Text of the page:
COLUMN: Television Greatness

239

Source: CVDaily Feed
$inline_image}

“I’m like King Midas in reverse. Everything I touch turns to [bleep].”

—Tony Soprano

On Twitter this week, a popular hashtag asked users to list their favorite seven television shows of all time. I took a few moments to read some of the tweets. Meh. Mostly newer shows were mentioned, which should be expected since younger people tend to avoid watching anything old.

Like most things in my life, I started to overthink this. I wondered if I could make a list of my favorite television shows in my head and then move on to other things. This column should answer that rhetorical question with a resounding “nyet!”

How would I construct my list? Can sitcoms really be judged against dramas? Is it fair to critique eight episodes of “True Detective” against shows that have aired over 100 episodes?

What about game shows? Where would “Jeopardy!” and “Survivor” fit in? I adore both. As a kid, I used to watch “General Hospital” and “Days of Our Lives” devotedly. Are soap operas legitimate?

My mind is spinning.

This is the conundrum with anal retentiveness. It makes someone who is obsessive compulsive consider minute, picayune details regarding irrelevent lists whilst wrought with worrisome contemplation. Someone might read this list a century from now and evaluate me solely on my love or hatred for “Cop Rock”. My posterity hangs in the balance…I must get this right!

Most of my burden about the correct criteria regarding this list is alleviated by the fact that my top two favorite television shows have been unchanged for a decade. In my expert opinion, “The Sopranos” and “The West Wing” just did it better than any other show aired for public consumption.

What a great time the 2000’s were for TV. These two shows aired the crux of their best episodes during the early years of that oddly named decade. Following the peculiar and unordinary lives of Tony Soprano and President Jed Bartlett was an indulgence that I never wanted to end. Given that these two shows were diametrically different in both tone and setting made it so that between them I really did believe I was visiting two different worlds.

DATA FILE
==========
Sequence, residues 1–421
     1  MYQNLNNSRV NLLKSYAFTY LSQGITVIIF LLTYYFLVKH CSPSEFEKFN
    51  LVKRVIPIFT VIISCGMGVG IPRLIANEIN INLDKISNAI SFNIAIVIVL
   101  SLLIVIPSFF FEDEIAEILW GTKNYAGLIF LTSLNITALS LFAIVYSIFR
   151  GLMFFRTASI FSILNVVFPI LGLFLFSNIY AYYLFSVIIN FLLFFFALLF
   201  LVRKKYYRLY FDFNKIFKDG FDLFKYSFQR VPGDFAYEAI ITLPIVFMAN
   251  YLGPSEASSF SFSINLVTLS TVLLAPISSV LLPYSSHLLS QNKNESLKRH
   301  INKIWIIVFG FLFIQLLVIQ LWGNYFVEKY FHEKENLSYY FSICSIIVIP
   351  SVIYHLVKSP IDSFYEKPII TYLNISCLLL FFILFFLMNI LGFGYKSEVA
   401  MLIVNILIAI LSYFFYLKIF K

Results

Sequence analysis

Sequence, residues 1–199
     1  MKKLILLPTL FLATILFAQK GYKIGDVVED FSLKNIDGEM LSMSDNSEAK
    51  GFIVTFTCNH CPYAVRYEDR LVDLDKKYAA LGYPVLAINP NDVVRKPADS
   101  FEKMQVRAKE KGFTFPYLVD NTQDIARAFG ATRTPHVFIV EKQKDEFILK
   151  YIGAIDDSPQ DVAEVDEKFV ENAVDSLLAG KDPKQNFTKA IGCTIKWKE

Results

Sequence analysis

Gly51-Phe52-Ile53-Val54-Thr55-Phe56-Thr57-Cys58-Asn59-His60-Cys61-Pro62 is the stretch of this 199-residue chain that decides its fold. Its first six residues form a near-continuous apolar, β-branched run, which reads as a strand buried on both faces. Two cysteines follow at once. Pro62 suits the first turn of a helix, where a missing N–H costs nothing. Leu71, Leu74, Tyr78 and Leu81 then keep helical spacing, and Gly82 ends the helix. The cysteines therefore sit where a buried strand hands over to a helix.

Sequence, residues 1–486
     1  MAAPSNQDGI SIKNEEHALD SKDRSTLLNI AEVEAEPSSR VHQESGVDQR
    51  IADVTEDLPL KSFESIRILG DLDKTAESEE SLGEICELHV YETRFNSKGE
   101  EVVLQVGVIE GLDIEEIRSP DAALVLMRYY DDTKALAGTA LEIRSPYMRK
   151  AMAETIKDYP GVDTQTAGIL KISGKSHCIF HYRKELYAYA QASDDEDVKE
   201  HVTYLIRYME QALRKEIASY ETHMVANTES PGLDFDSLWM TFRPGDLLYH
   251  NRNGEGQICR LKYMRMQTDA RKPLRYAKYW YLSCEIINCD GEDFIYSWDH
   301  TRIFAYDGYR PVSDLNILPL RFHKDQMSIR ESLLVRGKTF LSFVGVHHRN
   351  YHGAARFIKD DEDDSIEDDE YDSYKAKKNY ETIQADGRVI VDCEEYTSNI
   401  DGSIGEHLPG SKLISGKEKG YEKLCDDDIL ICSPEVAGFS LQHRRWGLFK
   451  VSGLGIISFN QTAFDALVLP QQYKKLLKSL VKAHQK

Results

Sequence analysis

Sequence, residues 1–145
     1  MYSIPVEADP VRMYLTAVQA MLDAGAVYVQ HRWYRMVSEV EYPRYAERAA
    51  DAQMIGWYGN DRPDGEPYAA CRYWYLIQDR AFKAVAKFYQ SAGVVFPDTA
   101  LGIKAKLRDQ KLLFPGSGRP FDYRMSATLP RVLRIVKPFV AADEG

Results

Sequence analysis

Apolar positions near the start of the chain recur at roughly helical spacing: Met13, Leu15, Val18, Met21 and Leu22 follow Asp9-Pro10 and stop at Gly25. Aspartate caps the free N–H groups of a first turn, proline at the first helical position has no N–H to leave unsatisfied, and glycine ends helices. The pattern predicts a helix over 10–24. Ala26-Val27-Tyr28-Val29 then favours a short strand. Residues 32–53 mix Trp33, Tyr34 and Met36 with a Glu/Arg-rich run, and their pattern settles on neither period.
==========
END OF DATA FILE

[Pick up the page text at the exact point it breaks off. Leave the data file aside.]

Growing up in the Italian culture of South Philadelphia, I was unfortunately aware of many of the shady, sociopathic characters prominently displayed on “The Sopranos”. These were not men of honor. Mafioso tend to be no better than street hustlers looking to make a buck at the expense of honest people.

David Chase, the creator of “The Sopranos”, allowed his characters to ooze a level of cynicism that was fitting for its ugly, uninspiring northern New Jersey setting. Watching the show retrospectively, it is hard not to discern that Chase was allowing his own contempt for humanity to show through in his fictional band of criminals and enablers.

And Chase loved to hector those of us who were loyal to his landmark show. In the course of its run, “The Sopranos” often left red herrings dangling in front of us. So many plot twists went unexplained. Chase would show us storylines without a conclusion and then just leave it there. It was almost as if Chase was laughing at our obsession with characters he manipulated us to care about, despite their glaring humanistic deficiencies.